What to use vs. how to treat: Important distinction for patentability of health care inventions

Canada has a long-standing prohibition against granting patents for inventions that are “methods of medical treatment.” A decision of the Patent Appeal Board (PAB) issued earlier this year provides some clarity on when an invention will be considered a method of medical treatment and when it will be considered patentable subject matter.

Patentable subject matter in Canada

Under section 2 of the Canadian Patent Act, an invention is defined as “any new and useful art, process, machine, manufacture or composition of matter, or any new and useful improvement in any art, process, machine, manufacture or composition of matter.” A “method” claim that describes a series of steps to obtain a desired result will generally fall within the category of “art.”

However, case law in Canada has held that methods of medical treatment and surgical methods do not fall within the definition of invention under section 2. The basis for this exclusion is that these methods are not related to trade, industry or commerce, but instead are related to a professional’s skill and judgment. For policy reasons, the courts were likely wary of permitting surgical methods to be patented as this could hinder a physician’s (and other professionals) ability to practise their profession without fear of patent infringement. So, where a method provides a therapeutic benefit to a human or animal patient, it will not be permitted subject matter in Canada.

From a practical perspective, claims directed to methods can often be drafted in a way to avoid characterizing the invention as a method of medical treatment. For example, a claim such as “A method of treating cancer by administering drug X to patient,” can be recast as “Use of drug X to treat cancer.”

The latter will be deemed acceptable subject matter. Methods to surgical interventions can be more difficult to convert, as the patent office will typically reject any claim having an active treatment step.

The Canadian patent office makes a distinction between methods related to the treatment of “ailments or pathological” conditions, which are not patentable subject matter, and “natural conditions” which can be subject to patent protection. The patent office gives the examples of ageing, pregnancy, baldness and wrinkles as non-pathological, natural occurring conditions.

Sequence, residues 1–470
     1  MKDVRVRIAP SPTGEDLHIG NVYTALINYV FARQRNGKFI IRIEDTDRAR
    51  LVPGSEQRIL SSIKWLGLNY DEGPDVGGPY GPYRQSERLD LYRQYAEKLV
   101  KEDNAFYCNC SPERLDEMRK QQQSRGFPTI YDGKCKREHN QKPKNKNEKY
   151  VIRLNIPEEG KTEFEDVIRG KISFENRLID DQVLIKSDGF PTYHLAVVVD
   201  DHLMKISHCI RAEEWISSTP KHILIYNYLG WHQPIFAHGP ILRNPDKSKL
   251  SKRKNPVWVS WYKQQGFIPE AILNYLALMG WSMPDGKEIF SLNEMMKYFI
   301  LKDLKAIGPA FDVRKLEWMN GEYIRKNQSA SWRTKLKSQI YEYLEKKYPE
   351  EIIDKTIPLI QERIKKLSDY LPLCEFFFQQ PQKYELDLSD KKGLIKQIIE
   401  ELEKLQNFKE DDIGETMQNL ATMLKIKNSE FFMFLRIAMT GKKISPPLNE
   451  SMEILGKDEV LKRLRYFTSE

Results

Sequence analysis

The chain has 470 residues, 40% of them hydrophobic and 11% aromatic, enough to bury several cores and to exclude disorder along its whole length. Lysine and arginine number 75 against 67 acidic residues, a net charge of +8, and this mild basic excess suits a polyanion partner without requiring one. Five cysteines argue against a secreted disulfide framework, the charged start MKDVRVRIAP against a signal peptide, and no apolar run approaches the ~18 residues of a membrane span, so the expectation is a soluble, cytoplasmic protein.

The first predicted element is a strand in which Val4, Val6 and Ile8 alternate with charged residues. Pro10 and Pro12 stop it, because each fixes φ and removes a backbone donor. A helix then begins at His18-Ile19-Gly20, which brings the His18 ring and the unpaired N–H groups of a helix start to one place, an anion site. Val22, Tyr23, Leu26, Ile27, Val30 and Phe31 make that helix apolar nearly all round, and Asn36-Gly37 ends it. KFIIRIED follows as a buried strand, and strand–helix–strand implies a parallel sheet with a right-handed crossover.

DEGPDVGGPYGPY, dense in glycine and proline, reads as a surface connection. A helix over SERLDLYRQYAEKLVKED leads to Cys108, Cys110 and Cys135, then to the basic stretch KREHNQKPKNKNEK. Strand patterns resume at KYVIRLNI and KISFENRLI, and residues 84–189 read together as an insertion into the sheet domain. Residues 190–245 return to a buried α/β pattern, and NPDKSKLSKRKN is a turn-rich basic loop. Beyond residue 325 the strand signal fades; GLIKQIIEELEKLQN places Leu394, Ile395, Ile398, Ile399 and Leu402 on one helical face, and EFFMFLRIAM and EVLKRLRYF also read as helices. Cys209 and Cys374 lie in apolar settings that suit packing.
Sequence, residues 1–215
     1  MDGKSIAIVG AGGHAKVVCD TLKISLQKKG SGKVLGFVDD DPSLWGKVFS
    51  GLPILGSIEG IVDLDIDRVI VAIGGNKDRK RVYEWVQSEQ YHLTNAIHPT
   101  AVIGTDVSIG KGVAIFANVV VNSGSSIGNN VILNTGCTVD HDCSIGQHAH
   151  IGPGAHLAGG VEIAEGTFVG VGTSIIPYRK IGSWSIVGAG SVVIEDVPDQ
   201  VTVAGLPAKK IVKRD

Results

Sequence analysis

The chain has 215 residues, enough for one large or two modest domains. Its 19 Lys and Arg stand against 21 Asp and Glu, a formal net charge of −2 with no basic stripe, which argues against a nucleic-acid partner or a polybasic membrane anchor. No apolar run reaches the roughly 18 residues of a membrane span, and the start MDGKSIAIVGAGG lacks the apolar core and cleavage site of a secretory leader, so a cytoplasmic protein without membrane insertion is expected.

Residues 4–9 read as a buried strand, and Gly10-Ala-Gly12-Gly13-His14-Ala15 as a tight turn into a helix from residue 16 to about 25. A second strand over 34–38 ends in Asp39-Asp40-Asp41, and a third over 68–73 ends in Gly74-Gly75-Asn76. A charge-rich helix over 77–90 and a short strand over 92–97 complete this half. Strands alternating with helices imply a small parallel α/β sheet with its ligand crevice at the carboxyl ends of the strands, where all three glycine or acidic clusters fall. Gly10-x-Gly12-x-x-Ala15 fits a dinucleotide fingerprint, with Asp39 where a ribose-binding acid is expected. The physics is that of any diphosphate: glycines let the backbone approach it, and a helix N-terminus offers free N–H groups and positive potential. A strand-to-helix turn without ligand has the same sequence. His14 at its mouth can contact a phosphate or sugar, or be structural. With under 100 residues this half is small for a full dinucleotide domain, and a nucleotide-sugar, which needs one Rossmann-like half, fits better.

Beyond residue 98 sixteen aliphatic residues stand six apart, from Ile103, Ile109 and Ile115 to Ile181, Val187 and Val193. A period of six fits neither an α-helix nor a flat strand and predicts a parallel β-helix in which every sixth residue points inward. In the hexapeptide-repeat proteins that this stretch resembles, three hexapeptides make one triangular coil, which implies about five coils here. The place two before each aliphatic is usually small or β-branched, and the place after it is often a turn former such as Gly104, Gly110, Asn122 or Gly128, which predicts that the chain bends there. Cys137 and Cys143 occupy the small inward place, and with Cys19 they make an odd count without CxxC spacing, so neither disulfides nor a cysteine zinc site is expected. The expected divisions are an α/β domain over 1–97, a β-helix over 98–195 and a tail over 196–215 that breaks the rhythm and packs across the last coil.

Commissioner’s Decision No. 1491

Commissioner’s Decision No. 1491, related to a patent ultimately issued on Oct. 8, 2019, provides some helpful guidance on permissible subject matter claims.

CooperVision International Holding Company had filed Canadian patent application 2,760,920 directed to “Use of accommodative error measurements in providing ophthalmic lenses.” The application claimed methods of providing and using lenses sequentially to reduce or prevent the progression of myopia (i.e., nearsightedness), an eye condition that is known to get worse as a person ages.

The patent office examiner reviewing the application had originally rejected the claims as methods of medical treatment and therefore non-patentable subject matter. This decision was appealed to the PAB, which held that the claims should be allowed.

The PAB based this decision on the fact that myopia is a natural human condition as assessed by ophthalmologists, being experts in the relevant field. These experts would not consider myopia a pathological disease. Therefore, the PAB determined that the claims could not be considered methods of medical treatment.

The PAB went on to provide further guidance on assessment of claims for instances where the invention is directed to a pathological condition. The PAB indicated that a distinction should be made between claims that are directed only to “how” to treat a patient, as opposed to claims directed to inventions for “what” to use to treat a patient.

If the essential elements of a claim give instruction to health care professionals on “what” to use to treat a patient, then the claims are not directed to a method of medical treatment. However, if the essential elements are directed to “how” to treat a patient, further consideration of the subject matter is needed. An examiner must assess whether the performance of the claim would interfere with the professional skill and judgment of a health care professional. If the answer is yes, the claim will be rejected as an unpatentable method of medical treatment. Thus, claims that are directed to “how” to treat could be statutory subject matter if such claims to not restrict the ability of a professional to exercise their skill and judgment.

Practice point

While claims can often be redrafted to convert methods of treatment to use claims in Canadian patent applications, Decision No. 1491 is helpful to applicants that are encountering rejections in prosecution on the basis of subject matter. If a condition can be characterized as relating to the natural ageing process, the claim should not be deemed to be a method of medical treatment.

Furthermore, Decision No. 1491 instructs examiners to assess whether (i) a claim is directed to “what” to use vs. “how” to treat, and (ii) for “how” to treat claims, only those that impede professional skill and judgment should be considered non-statutory. This decision can be asserted where the applicant’s invention is in alignment with these principles.

This article was originally published by The Lawyer’s Daily part of the LexisNexis Canada Group Inc.

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